According to the report, MABS, the money advice and budgeting service, presently lacks the capacity to deal with the problem.
The report recommends a new service, which links to MABS offices, to ensure that mortgage holders know how to access the advice.
However, the creation of a two-tier debt resolution service could be “problematic” for consumers, according to MABS.
Spokesman Michael Culloty acknowledged the difficulty that MABS had in dealing with the scale of the problem, but questioned the sense behind setting up a separate mortgage-specific service.
“MABS takes a holistic approach to a client’s problems. We look at all credit issues and devise a strategy from there. From the consumers’ point of view, if you start to separate things out and say, for example, just concentrate on the mortgage debt, does that mean you have other creditors breathing down your neck? Will it mean people will have two advisers — one for mortgages and another for everything else, and could this put more pressure on people?”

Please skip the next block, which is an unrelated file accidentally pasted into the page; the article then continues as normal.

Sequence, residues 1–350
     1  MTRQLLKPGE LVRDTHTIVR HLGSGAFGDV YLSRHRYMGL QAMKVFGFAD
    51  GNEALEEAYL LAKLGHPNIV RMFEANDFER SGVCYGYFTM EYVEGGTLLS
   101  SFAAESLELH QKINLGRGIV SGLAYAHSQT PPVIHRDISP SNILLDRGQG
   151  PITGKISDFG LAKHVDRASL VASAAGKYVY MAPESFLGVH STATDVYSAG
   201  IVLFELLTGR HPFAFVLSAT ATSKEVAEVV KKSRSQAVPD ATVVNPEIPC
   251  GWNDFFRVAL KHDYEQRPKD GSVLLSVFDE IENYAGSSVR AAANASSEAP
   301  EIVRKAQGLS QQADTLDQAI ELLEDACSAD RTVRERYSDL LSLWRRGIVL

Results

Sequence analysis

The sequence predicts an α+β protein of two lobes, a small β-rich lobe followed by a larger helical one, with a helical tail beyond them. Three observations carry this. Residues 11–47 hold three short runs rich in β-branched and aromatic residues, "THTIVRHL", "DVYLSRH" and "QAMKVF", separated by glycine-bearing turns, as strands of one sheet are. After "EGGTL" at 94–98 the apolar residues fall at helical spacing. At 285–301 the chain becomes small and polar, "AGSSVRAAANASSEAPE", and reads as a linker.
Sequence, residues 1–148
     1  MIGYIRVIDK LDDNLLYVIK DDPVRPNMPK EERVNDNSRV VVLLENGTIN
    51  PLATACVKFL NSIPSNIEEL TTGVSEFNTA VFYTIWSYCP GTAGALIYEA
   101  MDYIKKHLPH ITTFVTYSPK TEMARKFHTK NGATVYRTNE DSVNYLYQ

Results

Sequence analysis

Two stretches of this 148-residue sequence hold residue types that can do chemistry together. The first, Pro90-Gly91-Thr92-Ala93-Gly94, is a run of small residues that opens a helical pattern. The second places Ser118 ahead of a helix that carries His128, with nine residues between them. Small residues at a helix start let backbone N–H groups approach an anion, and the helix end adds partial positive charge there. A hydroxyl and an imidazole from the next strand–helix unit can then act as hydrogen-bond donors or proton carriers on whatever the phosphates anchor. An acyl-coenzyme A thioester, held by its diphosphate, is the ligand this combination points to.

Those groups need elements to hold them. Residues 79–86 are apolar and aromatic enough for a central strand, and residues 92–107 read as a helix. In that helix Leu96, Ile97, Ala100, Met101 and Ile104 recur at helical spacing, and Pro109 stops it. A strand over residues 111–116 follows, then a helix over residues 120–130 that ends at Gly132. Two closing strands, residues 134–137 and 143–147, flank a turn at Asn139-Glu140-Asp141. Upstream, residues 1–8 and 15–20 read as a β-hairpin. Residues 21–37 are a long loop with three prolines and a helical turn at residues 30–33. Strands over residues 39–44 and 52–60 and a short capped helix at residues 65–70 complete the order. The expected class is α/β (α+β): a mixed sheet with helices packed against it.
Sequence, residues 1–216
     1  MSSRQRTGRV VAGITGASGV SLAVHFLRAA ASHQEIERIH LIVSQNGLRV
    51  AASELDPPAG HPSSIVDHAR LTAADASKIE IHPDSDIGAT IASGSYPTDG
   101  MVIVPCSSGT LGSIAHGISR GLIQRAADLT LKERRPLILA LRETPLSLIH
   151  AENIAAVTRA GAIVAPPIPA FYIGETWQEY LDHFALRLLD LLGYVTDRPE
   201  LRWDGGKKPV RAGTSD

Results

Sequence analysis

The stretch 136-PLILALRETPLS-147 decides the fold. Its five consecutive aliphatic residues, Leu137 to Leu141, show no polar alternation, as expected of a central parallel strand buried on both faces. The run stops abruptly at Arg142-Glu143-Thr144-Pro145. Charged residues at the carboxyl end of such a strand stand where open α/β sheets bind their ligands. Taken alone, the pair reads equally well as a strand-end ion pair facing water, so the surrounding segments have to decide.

Commenting on the proposed “mortgage to rent” scheme, which aims to help those people with unsustainable mortgages, FLAC (Free Legal Advice Centres) said there was “considerable detail” to be worked out.
FLAC policy advisor Paul Joyce said it remained to be seen what level of buy-in there would be from the banks, as there were significant disadvantages for them. “An approved housing body can actually take ownership of the house, but the bank cannot.”
In this scenario, the bank and a local authority (LA) enter into a 20-year lease with the tenant paying rent to the LA, but the mortgage lender retains ownership of the house. There is no proposed exit from the leasing arrangement for lenders.
Mr Joyce said there was considerable details to be worked out under each proposal, but that mortgage to rent schemes had worked in other countries. As regards the state, Mr Joyce said it could mean a shortening of the social housing list, but could also cause resentment among people who had been waiting for a house for a long period.
The report also says the Mortgage Interest Supplement (MIS) payment cannot continue as it is, calling it a “welfare trap” and a state subsidy to the bank. Currently more than 18,700 households are availing of the payment which was designed as a short term support.
Approximately 12,000 households have been on MIS for more than year and more than 6,000 for over two years.